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Lacombe Swine

The Lacombe breed of swinePork producers across Canada may not know exactly where Lacombe, Alberta is located, but they know its importance to their industry. The Lacombe swine, developed at the Canadian Department of Agriculture Research Station in the 1950s by Dr. J. G. (Jack) Stothart and Dr. Howard Fredeen, became one of the most popular breeds in Canada. It is still being raised at farms across Canada and has also been exported to the United States, Japan, Russia, Mexico, Puerto Rico, Italy, Great Britain and Germany, among others.

Stothart and Fredeen applied selective breeding and testing to develop the Lacombe swine. They were seeking to develop a white, productive breed, which could be cross-bred with the Yorkshire (the dominant swine breed in Canada) to bear vigorous offspring with good carcass characteristics.

Their "foundation breeds" for the development of this new swine breed were Chester White, Danish-Landrace, and Berkshire. Each of these breeds had desirable characteristics; Berkshire sows had high milk production and their offspring produced good quality ham, while Danish-Landrace and Chester White had the preferred white color and were noted for good bacon production.

Subsequent generations of offspring were assessed against rigorous criteria; "a variety of economically important traits, including the number of pigs per litter and their weight at weaning and at 6 months; 14 well-developed, uniformly-spaced teats; vigor; physical soundness; strength of feet and legs; freedom from defective conditions; and carcass merit, growth rate, and feed requirements in accordance with Canadian ROP (Record of Performance) testing policy," an Agriculture Canada article notes.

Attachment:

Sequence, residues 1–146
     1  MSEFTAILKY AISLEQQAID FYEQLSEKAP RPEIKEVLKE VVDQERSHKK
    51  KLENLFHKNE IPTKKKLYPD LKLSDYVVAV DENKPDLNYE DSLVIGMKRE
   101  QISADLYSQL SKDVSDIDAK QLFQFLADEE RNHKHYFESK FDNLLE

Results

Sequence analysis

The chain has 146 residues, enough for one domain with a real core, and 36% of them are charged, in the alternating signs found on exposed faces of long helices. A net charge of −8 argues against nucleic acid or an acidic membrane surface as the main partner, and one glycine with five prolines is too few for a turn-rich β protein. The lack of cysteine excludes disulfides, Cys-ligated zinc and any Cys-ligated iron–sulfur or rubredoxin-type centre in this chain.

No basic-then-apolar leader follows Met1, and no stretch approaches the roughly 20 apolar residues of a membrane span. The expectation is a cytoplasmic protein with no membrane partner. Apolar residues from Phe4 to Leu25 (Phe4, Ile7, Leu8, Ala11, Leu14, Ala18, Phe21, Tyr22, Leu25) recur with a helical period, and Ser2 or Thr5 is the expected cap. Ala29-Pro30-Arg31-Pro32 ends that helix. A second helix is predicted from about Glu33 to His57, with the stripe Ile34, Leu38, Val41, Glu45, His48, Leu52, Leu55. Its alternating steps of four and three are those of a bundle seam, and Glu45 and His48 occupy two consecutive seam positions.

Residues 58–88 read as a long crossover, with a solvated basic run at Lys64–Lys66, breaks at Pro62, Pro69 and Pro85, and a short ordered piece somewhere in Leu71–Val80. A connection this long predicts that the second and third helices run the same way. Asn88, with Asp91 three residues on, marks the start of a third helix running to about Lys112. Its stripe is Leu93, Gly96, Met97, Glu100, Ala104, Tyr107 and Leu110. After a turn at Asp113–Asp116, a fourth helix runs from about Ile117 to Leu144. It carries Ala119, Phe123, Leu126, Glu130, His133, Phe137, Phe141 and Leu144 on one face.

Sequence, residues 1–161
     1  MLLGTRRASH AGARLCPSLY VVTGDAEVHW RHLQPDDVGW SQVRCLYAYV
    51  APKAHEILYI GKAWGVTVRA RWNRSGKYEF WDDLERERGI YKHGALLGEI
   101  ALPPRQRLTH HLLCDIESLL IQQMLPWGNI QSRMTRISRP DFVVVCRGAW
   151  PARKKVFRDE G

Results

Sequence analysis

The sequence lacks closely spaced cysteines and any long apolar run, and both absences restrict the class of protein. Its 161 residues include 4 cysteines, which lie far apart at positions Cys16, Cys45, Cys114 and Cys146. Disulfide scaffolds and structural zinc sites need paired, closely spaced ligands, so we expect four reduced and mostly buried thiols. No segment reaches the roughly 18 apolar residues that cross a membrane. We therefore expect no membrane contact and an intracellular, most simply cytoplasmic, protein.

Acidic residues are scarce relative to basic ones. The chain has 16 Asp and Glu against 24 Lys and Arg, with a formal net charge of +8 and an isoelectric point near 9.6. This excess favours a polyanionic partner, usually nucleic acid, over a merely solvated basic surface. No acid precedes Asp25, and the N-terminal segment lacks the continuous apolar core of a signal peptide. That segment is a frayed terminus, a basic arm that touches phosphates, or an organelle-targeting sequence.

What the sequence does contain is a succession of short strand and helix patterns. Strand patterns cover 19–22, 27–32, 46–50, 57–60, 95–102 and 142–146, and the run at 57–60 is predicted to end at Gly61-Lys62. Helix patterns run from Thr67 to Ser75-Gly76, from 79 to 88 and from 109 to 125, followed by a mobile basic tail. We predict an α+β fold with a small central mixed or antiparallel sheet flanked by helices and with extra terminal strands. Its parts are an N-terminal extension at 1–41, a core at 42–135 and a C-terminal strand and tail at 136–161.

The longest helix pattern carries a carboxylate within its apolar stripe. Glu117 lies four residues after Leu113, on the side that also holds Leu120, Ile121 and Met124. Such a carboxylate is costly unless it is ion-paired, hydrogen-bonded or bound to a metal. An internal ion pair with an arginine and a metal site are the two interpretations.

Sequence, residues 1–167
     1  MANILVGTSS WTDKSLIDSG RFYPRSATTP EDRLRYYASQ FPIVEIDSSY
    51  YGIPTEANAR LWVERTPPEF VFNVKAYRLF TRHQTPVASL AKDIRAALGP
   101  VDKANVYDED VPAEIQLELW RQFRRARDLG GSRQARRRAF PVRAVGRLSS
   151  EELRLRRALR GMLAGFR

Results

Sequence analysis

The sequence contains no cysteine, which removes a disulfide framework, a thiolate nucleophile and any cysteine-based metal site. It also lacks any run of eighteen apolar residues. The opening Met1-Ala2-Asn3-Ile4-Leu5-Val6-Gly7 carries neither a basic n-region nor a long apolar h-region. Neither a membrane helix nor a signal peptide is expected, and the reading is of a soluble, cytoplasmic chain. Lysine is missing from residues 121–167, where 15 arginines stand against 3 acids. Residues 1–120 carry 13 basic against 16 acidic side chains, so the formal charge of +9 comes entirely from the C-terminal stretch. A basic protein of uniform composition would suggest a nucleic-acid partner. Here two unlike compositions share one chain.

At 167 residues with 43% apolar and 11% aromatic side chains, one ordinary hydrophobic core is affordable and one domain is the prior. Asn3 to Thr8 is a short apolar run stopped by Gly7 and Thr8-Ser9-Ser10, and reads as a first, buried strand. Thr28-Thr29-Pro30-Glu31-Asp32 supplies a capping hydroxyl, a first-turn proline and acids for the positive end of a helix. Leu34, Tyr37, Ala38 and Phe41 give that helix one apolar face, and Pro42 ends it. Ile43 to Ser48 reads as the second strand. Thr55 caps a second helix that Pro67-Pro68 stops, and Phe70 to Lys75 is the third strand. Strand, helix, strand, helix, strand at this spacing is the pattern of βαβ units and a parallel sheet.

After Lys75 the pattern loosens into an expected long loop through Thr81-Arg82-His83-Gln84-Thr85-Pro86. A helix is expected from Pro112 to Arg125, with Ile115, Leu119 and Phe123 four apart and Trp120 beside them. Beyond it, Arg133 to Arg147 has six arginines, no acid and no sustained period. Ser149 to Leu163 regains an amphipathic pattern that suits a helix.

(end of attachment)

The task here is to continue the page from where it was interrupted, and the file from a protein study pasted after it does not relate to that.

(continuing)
These criteria helped select a rather small population with the desired characteristics; only six per cent of males and 24 per cent of females weaned were used in further breeding.

At the same time the selective breeding of the Lacombe hogs was underway, control litters of Yorkshire swine were being bred at research stations in Saskatchewan. Between 1954 and 1956, the Lacombe-bred swine were compared with the Saskatchewan-bred Yorkshires and judged superior based on litter size, average weight and growth rate to 90 kilograms.

The results prompted the project advisory committee to recommend releasing the breed for widespread production, and the Lacombe breed was officially registered in 1957. The first public exhibition of the Lacombe breed was made at the National Swine Show held in Brandon on 1 July 1957.

A national draw was organized for the first 50 Lacombe boars to be released, drawing more than 800 applicants. The draw, held on 7 October 1957, distributed the boars to breeders from British Columbia to Ontario. By 1960, 462 breeding females were distributed across Canada, and the Lacombe breed had become established as a top-rank swine.

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